Expression of epithelial markers in cultured stromal cells from adamantinoma of long bones and osteofibrous dysplasia was similar with very few cells expressing EMA and cytokeratin. Epithelial conversion of mesenchymal cells is well recognised during embryological development and it has been proposed that this may have a role in adamantinoma of long bones tumourigenesis.16, 17, 18 It has been suggested that epithelial marker expression in some neoplasms of mesenchymal origin may result when tumour cells regress to a foetal state, where they are capable of expressing these markers.19, 20 This may explain why cytokeratin and EMA are found in a number of soft tissue tumours of mesenchymal origin. Other possible theories to account for the heterogenous expression of the epithelial elements in adamantinoma of long bones include implantation of epithelial cell nests in cortical bone, occurring either during embryological development or as a consequence of trauma, or epithelial differentiation of a multipotent mesenchymal cell.21, 22, 23 The majority of the cultured osteofibrous dysplasia and adamantinoma of long bones stromal cells in our study did not express cytokeratin and EMA. This would argue against implantation of epithelial elements and suggest that differentiation of tumour cells from a mesenchymal towards an epithelial phenotype is a possible cause of the EMA and cytokeratin expression in adamantinoma of long bones and osteofibrous dysplasia.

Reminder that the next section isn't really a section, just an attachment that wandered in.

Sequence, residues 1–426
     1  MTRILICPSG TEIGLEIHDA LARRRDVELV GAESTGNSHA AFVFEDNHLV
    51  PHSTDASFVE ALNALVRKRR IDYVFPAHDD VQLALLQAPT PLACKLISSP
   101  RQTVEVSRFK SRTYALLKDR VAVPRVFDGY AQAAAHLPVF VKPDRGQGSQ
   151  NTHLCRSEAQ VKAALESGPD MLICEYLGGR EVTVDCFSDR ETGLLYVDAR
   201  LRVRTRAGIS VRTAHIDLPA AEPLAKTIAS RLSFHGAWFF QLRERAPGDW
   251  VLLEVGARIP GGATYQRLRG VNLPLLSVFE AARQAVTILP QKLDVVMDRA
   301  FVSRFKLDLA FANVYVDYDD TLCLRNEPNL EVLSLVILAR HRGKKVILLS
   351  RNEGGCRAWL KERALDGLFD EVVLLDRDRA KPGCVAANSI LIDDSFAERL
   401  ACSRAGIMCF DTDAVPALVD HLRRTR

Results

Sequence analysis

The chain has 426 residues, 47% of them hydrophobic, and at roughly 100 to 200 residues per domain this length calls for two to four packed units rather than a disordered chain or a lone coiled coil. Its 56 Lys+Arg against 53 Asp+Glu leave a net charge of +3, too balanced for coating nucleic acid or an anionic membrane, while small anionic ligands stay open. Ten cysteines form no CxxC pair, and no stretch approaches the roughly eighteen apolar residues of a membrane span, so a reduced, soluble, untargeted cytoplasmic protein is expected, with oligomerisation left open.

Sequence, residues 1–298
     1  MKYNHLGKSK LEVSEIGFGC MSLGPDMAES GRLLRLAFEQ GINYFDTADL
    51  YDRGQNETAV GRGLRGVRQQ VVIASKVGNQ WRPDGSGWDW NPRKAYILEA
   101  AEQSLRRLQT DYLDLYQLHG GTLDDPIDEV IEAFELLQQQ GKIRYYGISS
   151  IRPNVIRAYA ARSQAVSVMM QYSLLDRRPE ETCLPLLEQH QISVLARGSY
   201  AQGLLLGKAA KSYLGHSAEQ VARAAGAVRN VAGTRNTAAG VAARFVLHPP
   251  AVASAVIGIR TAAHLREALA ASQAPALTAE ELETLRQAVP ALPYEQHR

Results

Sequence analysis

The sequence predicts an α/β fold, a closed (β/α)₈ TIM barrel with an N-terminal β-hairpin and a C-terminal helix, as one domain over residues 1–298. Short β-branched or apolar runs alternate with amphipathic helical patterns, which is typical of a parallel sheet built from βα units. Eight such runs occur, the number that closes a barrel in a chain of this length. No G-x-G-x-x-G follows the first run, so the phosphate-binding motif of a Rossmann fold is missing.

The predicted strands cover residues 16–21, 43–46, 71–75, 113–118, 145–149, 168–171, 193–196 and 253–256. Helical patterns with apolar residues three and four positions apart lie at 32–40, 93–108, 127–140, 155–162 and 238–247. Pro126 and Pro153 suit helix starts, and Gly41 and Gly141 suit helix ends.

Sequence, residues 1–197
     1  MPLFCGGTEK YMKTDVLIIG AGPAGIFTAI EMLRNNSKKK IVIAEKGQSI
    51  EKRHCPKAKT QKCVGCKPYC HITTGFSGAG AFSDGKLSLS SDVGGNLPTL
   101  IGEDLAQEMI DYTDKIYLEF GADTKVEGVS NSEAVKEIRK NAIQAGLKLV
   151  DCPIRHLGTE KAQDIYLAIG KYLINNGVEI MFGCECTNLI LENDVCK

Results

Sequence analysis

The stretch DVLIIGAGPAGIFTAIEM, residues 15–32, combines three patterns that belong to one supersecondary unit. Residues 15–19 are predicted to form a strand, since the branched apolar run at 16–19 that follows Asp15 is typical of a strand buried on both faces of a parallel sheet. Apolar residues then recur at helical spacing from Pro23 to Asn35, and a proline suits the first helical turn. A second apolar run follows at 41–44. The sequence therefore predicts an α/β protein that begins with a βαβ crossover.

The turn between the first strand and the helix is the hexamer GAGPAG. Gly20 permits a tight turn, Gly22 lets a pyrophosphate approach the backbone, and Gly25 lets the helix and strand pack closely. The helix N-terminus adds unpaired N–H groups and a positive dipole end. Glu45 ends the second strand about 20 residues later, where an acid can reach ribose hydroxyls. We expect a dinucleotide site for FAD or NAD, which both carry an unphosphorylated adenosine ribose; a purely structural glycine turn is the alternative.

Bone formation is often a more prominent feature in osteofibrous dysplasia compared with adamantinoma of long bones. Histologically, osteofibrous dysplasia is composed of loose bundles of fibroblast-like cells among which are found trabeculae of woven bone lined by plump osteoblasts.3, 22 There may be a zonal arrangement with progressive widening and increase in the number of mineralised bone trabeculae at the periphery of the lesion. As the trabeculae become more numerous, they fuse together and merge with the thickened cortical bone and there is centrifugal maturation of woven to lamellar bone. Cultured osteofibrous dysplasia stromal cells showed expression of alkaline phosphatase, a marker of the osteoblast phenotype. Adamantinoma stromal cells did not express alkaline phosphatase and both adamantinoma and osteofibrous dysplasia cells did not form bone nodules. Similar characteristics have been noted in the stromal cells of fibrous dysplasia, a lesion which has some morphological features in common with osteofibrous dysplasia.21, 24, 25 Osteofibrous dysplasia and adamantinoma of long bones stromal cells have been shown to differentially express markers of osteoblast differentiation, including osteocalcin, osteonectin and osteopontin; our RT-PCR findings confirm this observation that reflects the potential of stromal cells in these lesions to produce bone matrix proteins.26, 27